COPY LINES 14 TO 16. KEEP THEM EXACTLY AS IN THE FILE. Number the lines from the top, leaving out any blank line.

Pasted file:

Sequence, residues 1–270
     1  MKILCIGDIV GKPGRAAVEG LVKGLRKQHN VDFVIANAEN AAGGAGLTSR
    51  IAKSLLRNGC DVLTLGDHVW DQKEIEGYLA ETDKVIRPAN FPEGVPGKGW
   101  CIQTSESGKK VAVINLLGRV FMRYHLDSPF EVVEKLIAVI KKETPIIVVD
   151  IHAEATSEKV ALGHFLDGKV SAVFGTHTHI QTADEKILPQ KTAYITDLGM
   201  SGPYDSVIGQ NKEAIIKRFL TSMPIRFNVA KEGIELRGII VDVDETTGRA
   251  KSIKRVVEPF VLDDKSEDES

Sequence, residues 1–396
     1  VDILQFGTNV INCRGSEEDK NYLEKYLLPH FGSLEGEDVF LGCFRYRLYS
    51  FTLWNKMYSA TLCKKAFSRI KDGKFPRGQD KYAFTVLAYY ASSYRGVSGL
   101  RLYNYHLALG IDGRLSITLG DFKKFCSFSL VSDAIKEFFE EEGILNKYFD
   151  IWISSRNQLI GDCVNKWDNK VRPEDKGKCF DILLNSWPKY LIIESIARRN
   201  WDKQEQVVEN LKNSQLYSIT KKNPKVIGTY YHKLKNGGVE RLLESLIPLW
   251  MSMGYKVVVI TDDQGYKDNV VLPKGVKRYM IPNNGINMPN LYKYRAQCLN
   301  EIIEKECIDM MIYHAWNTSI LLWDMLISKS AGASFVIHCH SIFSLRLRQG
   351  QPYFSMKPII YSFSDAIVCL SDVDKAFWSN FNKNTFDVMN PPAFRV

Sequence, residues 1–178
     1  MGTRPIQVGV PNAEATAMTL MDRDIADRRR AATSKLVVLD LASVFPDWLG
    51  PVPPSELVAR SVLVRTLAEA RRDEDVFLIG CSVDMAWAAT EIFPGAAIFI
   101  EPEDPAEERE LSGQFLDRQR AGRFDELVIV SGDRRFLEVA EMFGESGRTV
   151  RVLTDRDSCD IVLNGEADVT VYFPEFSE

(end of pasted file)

   251  MSMGYKVVVI TDDQGYKDNV VLPKGVKRYM IPNNGINMPN LYKYRAQCLN
   301  EIIEKECIDM MIYHAWNTSI LLWDMLISKS AGASFVIHCH SIFSLRLRQG
   351  QPYFSMKPII YSFSDAIVCL SDVDKAFWSN FNKNTFDVMN PPAFRV